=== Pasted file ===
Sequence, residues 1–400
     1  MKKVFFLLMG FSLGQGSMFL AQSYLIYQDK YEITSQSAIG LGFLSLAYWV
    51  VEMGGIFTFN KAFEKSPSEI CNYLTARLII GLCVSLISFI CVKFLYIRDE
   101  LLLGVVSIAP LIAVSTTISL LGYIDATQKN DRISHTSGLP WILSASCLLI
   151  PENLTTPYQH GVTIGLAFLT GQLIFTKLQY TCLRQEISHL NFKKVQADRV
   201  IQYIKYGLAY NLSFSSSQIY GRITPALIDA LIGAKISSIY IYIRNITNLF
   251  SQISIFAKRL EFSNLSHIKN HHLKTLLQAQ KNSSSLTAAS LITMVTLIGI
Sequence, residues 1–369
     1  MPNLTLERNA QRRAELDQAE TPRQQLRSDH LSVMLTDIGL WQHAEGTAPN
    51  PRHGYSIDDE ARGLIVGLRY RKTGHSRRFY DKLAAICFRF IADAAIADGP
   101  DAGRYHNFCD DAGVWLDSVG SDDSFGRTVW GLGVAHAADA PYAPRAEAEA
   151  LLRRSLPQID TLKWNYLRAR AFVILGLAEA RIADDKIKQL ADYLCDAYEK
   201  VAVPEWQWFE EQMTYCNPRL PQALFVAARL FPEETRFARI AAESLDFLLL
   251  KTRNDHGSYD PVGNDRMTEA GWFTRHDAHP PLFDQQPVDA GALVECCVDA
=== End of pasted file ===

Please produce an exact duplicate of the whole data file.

Sequence, residues 1–400
     1  MKKVFFLLMG FSLGQGSMFL AQSYLIYQDK YEITSQSAIG LGFLSLAYWV
    51  VEMGGIFTFN KAFEKSPSEI CNYLTARLII GLCVSLISFI CVKFLYIRDE
   101  LLLGVVSIAP LIAVSTTISL LGYIDATQKN DRISHTSGLP WILSASCLLI
   151  PENLTTPYQH GVTIGLAFLT GQLIFTKLQY TCLRQEISHL NFKKVQADRV
   201  IQYIKYGLAY NLSFSSSQIY GRITPALIDA LIGAKISSIY IYIRNITNLF
   251  SQISIFAKRL EFSNLSHIKN HHLKTLLQAQ KNSSSLTAAS LITMVTLIGI
Sequence, residues 1–369
     1  MPNLTLERNA QRRAELDQAE TPRQQLRSDH LSVMLTDIGL WQHAEGTAPN
    51  PRHGYSIDDE ARGLIVGLRY RKTGHSRRFY DKLAAICFRF IADAAIADGP
   101  DAGRYHNFCD DAGVWLDSVG SDDSFGRTVW GLGVAHAADA PYAPRAEAEA
   151  LLRRSLPQID TLKWNYLRAR AFVILGLAEA RIADDKIKQL ADYLCDAYEK
   201  VAVPEWQWFE EQMTYCNPRL PQALFVAARL FPEETRFARI AAESLDFLLL
   251  KTRNDHGSYD PVGNDRMTEA GWFTRHDAHP PLFDQQPVDA GALVECCVDA